Paper No. 17
Presentation Time: 4:26 PM
COLORADO RIVER INCISION IN RELATION TO GROUND-WATER FLOW SYSTEMS IN THE SOUTHERN GREAT BASIN AND ARIZONA
Late Miocene, Pliocene, and Quaternary changes in base level that occurred in response to regional incision caused by the Colorado River drainage system have had a major impact on basin evolution and sedimentation patterns in large areas of the arid Southwest. The physiography of much of the Great Basin and Mojave and Sonoran Deserts downstream of the Grand Canyon has changed considerably since the introduction of the Colorado River in the southern Great Basin 5 m.y. ago. The physiographic changes were accompanied by a shift from aggradation to degradation and both surface drainage patterns and subsurface water-storage systems were strongly impacted. This resulted in new basin depositional styles, lower ground-water levels, and altered patterns of spring discharge. Available isotopic evidence indicates that pre-incision, deep-flow systems involved carbonate spring discharges around the edge of Colorado Plateau from karst flow systems. One such system, the Hualapai Limestone lake and spring system, was large and approximately matched the level of a paleowater table. This former water table is identified known from alteration of igneous rocks 0.5 km above the present river near Hoover Dam, which is west across the bedrock ridge of the Black Mountains.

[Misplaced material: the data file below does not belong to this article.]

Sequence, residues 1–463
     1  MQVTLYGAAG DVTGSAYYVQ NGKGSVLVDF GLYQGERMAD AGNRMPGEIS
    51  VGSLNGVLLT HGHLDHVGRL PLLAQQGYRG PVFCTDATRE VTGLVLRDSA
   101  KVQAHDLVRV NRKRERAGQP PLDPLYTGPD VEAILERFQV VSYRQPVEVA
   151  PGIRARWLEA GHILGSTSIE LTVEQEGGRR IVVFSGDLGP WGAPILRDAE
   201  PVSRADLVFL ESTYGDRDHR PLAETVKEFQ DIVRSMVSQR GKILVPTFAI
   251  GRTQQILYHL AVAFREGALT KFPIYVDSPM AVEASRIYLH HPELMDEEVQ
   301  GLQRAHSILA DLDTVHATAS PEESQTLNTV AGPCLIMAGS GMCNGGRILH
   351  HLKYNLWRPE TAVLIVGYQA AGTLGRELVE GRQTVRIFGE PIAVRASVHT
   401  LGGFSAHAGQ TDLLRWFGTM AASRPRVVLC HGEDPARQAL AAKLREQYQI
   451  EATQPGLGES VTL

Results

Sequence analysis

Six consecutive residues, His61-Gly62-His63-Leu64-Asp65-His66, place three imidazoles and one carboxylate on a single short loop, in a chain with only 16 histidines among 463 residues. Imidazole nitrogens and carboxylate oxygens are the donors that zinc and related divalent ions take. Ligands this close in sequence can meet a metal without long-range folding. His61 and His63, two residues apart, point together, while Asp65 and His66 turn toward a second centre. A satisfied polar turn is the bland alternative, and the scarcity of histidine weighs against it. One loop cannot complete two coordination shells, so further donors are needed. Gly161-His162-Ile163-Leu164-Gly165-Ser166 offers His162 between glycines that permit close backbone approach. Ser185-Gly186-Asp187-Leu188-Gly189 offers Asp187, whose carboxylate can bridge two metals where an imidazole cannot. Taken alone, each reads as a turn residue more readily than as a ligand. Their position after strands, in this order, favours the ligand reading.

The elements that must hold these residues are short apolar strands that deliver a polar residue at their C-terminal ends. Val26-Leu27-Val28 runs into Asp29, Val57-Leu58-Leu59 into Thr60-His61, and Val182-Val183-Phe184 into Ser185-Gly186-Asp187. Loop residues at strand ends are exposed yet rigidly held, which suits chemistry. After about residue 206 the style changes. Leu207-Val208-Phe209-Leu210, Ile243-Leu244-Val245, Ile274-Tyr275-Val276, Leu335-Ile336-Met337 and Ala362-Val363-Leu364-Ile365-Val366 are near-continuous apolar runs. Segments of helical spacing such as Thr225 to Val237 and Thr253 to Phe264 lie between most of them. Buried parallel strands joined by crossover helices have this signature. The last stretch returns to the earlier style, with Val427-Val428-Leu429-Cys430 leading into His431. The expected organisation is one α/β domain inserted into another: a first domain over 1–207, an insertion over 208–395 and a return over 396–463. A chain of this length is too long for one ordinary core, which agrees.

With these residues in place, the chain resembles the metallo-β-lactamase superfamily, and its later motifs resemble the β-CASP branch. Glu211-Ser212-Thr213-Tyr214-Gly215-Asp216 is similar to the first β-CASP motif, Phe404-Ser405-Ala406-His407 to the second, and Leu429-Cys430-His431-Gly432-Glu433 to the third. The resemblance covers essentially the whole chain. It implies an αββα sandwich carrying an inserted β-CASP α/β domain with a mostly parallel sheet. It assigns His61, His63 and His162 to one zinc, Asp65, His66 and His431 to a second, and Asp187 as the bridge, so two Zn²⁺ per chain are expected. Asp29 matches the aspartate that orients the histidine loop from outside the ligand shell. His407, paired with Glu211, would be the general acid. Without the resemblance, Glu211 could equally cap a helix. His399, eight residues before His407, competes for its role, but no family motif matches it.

Sites that offer promise for calibrating the timing of this lowering history include (a) dateable high-level, river-carved potholes stranded above Black Canyon, (b) a series of thick fluvial deposits that contain a Pleistocene mammoth site and interfinger with flights of alluvial-fan terraces near Golden Shores, Arizona, and (c) a flight of terraces around the Overton Arm of Lake Mead that contain the Bishop Tuff (~730 Ka). Another more localized system that underwent similar sedimentary and hydrologic effects is the Pahrump area where base level lowered as Death Valley subsided and widened. The base-level changes are likely to have affected ground-water flow paths and rates through basin-fill and through rock aquifers